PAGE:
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Epileptic Disord. 2019 Feb 1;21(1):48-54. doi: 10.1684/epd.2019.1026.

Quinidine therapy and therapeutic drug monitoring in four patients with KCNT1 mutations.

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National Epilepsy Center, NHO Shizuoka Institute of Epilepsy and Neurological Disorders, Shizuoka.
Seirei Hamamatsu General Hospital, Department of Child Neurology, Hamamatsu.
Yokohama City University Graduate School of Medicine, Department of Human Genetics, Yokohama, Hamamatsu University School of Medicine, Department of Biochemistry, Hamamatsu.
Yokohama City University Graduate School of Medicine, Department of Human Genetics, Yokohama.
Shizuoka Children's Hospital, Department of Cardiology, Shizuoka.
Department of Pediatrics School of Medicine, Fukuoka University, Fukuoka, Japan.


Several recent studies have reported potassium sodium-activated channel subfamily T member 1 (KCNT1) mutations in epilepsy patients on quinidine therapy. The efficacy and safety of quinidine for epilepsy treatment, however, remains controversial. We herein report the cases of four patients with KCNT1 mutations treated with quinidine. A reduction in seizures of more than 50% after quinidine treatment was observed in one patient with epilepsy of infancy with migrating focal seizures (EIMFS), whereas two patients with EIMFS and one with focal epilepsy did not achieve apparent seizure reduction. The relationship between quinidine dose and serum quinidine concentration was inconsistent, particularly at high quinidine doses. One patient with EIMFS developed ventricular tachycardia the day after an increase in quinidine dose from 114 to 126 mg/kg/day. The serum trough quinidine concentration and the corrected QT interval (QTc) before arrhythmia onset were 2.4 μg/ml and 420 ms, respectively, and peak serum quinidine concentration after arrhythmia onset was 9.4 μg/ml. Another patient with EIMFS showed aberrant intraventricular conduction with a quinidine dose of 74.5 mg/kg/day and a serum trough concentration of 3.2 μg/ml. Given that serum quinidine levels may elevate sharply after a dose increase, careful monitoring of electrocardiographs and serum concentrations is required. Based on a review of previous reports and our experience with this case, quinidine should be considered as a promising drug for patients with EIMFS harbouring KCNT1 mutations, however, its efficacy remains controversial due to the limited number of cases, and more information on optimal serum concentrations and appropriate titration methods is required.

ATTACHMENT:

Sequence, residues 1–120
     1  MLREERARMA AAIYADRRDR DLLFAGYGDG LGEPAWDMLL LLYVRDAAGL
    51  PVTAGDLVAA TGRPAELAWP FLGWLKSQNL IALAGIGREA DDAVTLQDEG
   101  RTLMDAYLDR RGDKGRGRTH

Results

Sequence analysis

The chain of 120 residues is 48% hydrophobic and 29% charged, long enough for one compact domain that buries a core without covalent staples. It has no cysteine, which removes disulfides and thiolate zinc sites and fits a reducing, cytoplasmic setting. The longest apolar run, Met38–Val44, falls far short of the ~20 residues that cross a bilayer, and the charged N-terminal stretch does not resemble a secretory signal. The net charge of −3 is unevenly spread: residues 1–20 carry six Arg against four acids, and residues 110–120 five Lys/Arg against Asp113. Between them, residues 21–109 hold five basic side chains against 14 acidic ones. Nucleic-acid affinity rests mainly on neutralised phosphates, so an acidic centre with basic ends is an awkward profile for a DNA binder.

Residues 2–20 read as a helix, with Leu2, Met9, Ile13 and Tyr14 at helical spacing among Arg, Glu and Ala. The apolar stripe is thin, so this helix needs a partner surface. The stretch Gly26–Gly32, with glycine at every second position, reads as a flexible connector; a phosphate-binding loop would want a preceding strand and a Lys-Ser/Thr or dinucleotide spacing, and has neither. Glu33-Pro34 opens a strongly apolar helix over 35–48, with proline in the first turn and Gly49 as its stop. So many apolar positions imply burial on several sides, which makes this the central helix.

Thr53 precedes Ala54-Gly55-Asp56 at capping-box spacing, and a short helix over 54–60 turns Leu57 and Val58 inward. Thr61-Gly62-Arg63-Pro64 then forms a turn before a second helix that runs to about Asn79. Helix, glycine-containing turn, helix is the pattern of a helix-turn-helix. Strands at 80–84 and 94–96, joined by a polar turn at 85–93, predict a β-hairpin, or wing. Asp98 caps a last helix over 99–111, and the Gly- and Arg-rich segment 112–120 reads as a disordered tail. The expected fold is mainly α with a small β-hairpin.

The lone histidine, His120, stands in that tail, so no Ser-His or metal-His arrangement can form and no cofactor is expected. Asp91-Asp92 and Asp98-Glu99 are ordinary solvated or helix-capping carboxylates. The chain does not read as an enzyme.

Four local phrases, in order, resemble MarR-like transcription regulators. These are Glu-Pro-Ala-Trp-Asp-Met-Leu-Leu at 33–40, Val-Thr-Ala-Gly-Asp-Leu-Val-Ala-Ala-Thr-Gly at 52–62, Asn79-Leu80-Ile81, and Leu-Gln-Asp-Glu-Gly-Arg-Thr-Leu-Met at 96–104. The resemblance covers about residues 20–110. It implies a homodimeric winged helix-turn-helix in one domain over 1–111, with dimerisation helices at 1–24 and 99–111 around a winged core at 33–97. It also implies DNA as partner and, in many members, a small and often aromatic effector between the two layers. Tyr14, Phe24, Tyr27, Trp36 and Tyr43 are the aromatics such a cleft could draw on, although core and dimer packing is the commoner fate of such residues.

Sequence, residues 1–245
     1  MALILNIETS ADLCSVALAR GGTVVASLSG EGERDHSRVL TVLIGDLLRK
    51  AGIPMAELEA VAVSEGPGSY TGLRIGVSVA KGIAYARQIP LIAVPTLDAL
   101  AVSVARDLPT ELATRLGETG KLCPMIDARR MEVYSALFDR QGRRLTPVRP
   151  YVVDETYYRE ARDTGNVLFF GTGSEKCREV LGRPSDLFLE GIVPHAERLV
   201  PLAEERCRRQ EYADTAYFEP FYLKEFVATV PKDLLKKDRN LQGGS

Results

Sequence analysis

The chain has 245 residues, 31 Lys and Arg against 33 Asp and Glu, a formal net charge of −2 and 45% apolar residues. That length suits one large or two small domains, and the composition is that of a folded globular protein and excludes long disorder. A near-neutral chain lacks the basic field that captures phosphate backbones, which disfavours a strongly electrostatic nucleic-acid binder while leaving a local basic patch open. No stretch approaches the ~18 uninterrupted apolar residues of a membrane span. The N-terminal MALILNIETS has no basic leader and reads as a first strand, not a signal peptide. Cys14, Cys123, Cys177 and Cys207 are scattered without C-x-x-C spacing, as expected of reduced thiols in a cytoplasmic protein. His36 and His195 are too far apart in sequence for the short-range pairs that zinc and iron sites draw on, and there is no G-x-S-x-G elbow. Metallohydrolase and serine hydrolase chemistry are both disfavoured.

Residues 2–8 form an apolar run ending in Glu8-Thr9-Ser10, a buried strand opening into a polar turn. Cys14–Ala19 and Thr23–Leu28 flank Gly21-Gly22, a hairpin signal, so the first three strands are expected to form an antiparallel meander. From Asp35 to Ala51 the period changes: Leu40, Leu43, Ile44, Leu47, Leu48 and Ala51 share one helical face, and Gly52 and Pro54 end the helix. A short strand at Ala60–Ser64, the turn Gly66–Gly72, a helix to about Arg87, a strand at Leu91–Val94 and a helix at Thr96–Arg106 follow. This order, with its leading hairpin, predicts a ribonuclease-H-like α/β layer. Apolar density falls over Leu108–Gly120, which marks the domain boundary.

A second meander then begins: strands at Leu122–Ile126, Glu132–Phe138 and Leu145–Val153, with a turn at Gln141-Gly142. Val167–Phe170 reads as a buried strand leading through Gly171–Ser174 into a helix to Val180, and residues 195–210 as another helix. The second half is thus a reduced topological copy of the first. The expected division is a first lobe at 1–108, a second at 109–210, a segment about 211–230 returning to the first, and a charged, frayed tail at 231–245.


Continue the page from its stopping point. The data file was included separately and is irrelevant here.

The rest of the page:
EIMFS; KCNT1; arrhythmia; migrating focal seizures; quinidine; serum concentration


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